Janeen Scott wanted to be a tattoo artist since high school, but it wasn’t until her apprenticeship that she realized the industry is only safe for the privileged few. Now, she is a co-owner and artist at Hemlock Tattoo — an all-female shop dedicated to change.
The realistic pressures of life made Scott question if she should go to art school. She giggles when explaining her plan B was literature studies, which is still in the arts.
You can read more about Hemlock Tattoo and its owners here
In Scott’s final year of high school, the Alberta College of Art and Design (ACAD) — now the Alberta University of the Arts—announced their ‘Show Off!’ competition, which allows high school students across Canada to submit their art for a chance to win first year’s tuition and other prizes.
“I saw that, and just suddenly a fire was lit under my ass, and I wanted to do it, so I made a piece and just put everything I could into it.”
Scott decided to abandon her plan B even before she knew the competition results. To her surprise, she won a spot in the show.
Following her win, Scott was accepted into ACAD. Even though she proven herself as a talented artist, ACAD professors wanted more. They expected her work to have more intention.
“I went into art school with a very big head. I was 17 years old. I thought I was the hottest,” Scott said. “And my instructors quickly let me know, ‘We don’t care how good you are at drawing. You need to make something that’s more thoughtful than just bringing in this pretty portrait.’”
Scott admits she thought about dropping out to pursue tattooing but persevered and overcame her art block.
Although she was raised in a Catholic home and attended Catholic school, Scott started questioning what she was taught when she was 11 years old.
“I got into junior high, and I was wearing a satanic pentagram around my neck,” said Scott. “I was very outspoken about how awful I viewed Christianity and Catholicism, and though a lot of that still exists for me, it’s a different conversation now. It’s less angry.”
Using her rejection of Catholicism, Scott transformed her work from pretty portraits to what she calls “diary entries.”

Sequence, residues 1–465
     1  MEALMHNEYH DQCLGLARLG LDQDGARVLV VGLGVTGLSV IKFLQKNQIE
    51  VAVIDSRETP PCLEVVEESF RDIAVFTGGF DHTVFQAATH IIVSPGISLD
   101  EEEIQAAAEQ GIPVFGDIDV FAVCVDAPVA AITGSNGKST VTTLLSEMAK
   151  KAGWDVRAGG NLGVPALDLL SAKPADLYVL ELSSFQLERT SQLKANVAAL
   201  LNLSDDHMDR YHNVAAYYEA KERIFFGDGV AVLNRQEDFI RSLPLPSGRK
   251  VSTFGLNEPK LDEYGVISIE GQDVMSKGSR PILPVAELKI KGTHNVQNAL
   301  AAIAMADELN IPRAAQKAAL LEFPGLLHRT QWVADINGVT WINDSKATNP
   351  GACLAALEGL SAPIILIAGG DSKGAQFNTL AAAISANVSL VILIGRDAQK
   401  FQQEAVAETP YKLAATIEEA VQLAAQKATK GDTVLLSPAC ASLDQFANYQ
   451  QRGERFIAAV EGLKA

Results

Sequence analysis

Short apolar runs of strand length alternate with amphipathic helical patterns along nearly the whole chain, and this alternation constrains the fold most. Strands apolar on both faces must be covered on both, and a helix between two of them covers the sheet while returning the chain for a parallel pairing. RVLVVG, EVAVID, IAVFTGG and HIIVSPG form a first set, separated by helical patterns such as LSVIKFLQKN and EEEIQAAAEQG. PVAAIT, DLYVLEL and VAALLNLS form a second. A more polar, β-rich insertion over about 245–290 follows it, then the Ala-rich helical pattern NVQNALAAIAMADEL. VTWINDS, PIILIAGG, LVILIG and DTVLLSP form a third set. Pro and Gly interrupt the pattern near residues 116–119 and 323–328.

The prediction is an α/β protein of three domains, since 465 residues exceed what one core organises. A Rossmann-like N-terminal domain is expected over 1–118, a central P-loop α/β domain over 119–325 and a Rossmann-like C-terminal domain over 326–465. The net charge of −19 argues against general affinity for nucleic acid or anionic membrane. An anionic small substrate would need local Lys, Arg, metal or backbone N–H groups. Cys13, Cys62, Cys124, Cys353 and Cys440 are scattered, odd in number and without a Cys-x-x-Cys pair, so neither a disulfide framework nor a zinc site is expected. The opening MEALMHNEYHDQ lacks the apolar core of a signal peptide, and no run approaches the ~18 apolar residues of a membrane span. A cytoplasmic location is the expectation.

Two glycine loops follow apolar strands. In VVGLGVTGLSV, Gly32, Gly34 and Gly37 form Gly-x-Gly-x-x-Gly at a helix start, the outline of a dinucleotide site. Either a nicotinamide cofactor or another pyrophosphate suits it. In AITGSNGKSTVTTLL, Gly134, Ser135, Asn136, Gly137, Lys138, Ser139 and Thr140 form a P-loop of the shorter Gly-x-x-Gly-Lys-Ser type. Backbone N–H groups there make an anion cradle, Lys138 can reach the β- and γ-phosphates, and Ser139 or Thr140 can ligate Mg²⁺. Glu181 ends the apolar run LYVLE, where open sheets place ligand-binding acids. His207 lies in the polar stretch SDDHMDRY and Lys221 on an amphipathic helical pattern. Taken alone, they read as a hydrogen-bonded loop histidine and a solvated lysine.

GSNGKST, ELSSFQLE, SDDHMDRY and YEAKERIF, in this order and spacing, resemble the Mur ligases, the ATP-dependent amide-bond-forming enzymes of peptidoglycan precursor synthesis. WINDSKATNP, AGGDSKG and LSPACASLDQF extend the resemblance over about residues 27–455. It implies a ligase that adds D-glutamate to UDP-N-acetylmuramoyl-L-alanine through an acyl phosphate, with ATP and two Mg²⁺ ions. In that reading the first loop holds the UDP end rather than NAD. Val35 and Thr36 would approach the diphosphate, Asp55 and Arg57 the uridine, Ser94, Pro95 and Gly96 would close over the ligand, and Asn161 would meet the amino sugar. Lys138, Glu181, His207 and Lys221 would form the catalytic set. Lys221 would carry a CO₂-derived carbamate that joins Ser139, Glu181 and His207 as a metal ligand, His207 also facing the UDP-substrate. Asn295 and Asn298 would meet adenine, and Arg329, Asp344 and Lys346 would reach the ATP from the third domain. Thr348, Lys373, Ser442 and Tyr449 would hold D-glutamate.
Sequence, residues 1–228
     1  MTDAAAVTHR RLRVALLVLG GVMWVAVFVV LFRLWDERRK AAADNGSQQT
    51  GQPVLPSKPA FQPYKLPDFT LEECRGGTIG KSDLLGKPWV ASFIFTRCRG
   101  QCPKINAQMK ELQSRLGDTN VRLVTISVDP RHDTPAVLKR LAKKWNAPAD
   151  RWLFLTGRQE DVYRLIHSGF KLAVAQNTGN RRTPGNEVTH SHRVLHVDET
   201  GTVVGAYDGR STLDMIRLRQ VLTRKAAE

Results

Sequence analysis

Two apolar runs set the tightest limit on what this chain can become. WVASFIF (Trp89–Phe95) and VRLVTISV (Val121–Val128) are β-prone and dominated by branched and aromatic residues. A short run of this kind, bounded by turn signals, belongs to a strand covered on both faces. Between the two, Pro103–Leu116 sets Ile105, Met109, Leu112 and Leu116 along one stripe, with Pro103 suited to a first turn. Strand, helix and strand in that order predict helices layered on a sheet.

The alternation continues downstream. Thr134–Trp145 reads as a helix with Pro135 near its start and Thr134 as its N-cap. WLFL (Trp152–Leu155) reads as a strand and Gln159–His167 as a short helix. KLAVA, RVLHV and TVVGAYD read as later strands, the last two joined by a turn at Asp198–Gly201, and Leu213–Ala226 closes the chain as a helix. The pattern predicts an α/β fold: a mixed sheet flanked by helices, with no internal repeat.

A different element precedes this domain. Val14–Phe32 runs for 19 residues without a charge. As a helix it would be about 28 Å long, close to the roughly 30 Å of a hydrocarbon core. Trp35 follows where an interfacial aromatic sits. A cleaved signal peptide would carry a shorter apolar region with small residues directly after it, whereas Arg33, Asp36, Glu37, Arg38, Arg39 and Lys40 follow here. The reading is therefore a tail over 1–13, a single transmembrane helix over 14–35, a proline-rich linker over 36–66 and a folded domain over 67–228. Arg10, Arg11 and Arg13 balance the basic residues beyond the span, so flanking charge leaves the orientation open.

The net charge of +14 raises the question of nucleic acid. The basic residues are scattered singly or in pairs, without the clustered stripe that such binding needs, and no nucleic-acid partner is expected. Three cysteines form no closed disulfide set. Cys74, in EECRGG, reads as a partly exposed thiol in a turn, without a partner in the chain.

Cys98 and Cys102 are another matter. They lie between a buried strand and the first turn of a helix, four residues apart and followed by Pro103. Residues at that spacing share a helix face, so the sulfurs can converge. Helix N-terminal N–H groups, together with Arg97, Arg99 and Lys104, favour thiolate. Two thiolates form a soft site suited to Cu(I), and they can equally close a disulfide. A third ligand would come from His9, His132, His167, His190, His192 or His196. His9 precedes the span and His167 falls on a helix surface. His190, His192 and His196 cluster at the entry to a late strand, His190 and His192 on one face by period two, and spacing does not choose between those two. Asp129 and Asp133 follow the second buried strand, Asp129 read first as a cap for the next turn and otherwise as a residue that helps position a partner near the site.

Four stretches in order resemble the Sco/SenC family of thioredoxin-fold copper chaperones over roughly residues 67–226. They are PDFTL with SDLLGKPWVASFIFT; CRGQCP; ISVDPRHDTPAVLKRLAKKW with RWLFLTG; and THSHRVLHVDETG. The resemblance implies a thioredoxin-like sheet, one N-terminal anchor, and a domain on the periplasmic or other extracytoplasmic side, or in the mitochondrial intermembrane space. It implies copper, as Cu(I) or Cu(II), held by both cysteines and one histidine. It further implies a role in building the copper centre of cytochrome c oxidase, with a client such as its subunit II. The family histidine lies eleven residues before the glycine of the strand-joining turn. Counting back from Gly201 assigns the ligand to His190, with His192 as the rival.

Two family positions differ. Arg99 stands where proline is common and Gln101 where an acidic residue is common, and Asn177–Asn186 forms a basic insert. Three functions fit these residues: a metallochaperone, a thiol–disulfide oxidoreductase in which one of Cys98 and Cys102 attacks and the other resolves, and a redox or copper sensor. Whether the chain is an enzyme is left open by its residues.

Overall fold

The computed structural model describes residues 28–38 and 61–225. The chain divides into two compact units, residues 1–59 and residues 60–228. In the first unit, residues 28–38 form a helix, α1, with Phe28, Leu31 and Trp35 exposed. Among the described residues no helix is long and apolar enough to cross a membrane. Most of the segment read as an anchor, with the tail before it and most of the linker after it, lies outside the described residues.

“A lot of the work I make is really personal. It is about personal experiences as a woman, making comments on female sexuality, female archetypes of the monstrous feminine, or the wild feminine. Making comments on that and subverting traditional notions of female sexuality, but using traditional religious iconography, like the image of the Virgin Mary.”
In the second year of Scott’s degree, she started building a tattoo portfolio. Hopeful someone would offer her an apprenticeship, she asked several shops to review her sketches.
After finishing her degree in 2018, a shop owner offered her an apprenticeship.
“I lost my mind. I was so excited. I called my mom. I was crying. And then the ball started rolling.”
Scott was warned the tattoo industry was not usually safe for women. Almost the instant her apprenticeship began, Scott was sexually harassed by another employee. Dispiritingly, the tattoo industry’s harmful reputation felt real.
Scott said she felt constantly uncomfortable around the employee, but she didn’t want to leave — all her hard work had finally paid off.
“The other complicated thing is getting harassed in a situation where you just got the opportunity of your lifetime. How do you navigate that?” said Scott.
Community members made the shop owner aware of the harassment, and the employee was fired shortly afterward.
Creating a safe space
After some difficult conversations, Scott and three of her female co-workers left the shop so they could show-up for the community and each other. Together, they felt they had the skills and experience to open their shop — Hemlock Tattoo.
Marlee Watts, the manager of Hemlock Tattoo, said although Hemlock’s core values seem basic, they are rare in the tattoo industry.
“One of the most important things for us is really giving that power back to the clients because a big issue in the tattoo industry is that imbalance of power between a tattoo artist and tattoo client.”
Watts has been friends with Scott since her apprenticeship at the previous shop and admires Scott’s activism.
“She’s really influenced how I look at the world,” said Watts. “It’s okay to scream from the rooftops about important issues and be vocal and share your stories and be vulnerable because it’s important and it matters.’”
All Hemlock Tattoo staff trains with Good Night Out Vancouver, which provides sexual harassment and bystander intervention courses specifically for the tattoo industry. The organization also educates about the power dynamic between tattoo artists and their clients.
Madison Armagost, a returning client of both Scott and Geneva Haley at Hemlock Tattoo, believes the experience is just as important as the tattoo itself.
“They really want to build this new, safe community for everyone in Calgary, which, for people who are nervous with body confidence issues, dysmorphia, or even just worried about going into that weird shop dynamic, they do such a good job of making you feel welcome and safe.”
Armagost said although she enjoyed her experience at other shops in Calgary, Hemlock Tattoo goes the extra mile.
“I found it to be almost an overwhelming experience,” said Armagost. “I just felt very cared for, and in that moment, it kind of gives me a sense of devotion to her and that shop.”
According to Scott, building policies outlining unacceptable behaviour such as racism, sexual harassment and homophobia was the easiest part of opening Hemlock Tattoo.
“The structure of our shop should not be a rare situation.”